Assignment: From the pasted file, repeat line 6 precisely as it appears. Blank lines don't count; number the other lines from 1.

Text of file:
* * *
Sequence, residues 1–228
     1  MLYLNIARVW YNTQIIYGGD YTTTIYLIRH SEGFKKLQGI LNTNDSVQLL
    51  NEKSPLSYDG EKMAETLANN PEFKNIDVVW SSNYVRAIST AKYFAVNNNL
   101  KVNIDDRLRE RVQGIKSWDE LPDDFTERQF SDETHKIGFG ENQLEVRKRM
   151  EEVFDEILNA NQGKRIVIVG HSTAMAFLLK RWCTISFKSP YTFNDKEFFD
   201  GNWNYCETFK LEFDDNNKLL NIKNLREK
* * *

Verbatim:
   201  GNWNYCETFK LEFDDNNKLL NIKNLREK